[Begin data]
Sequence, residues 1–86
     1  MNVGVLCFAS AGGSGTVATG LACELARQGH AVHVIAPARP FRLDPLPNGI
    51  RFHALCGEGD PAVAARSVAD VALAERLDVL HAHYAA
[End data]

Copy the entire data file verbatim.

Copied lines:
Sequence, residues 1–86
     1  MNVGVLCFAS AGGSGTVATG LACELARQGH AVHVIAPARP FRLDPLPNGI
    51  RFHALCGEGD PAVAARSVAD VALAERLDVL HAHYAA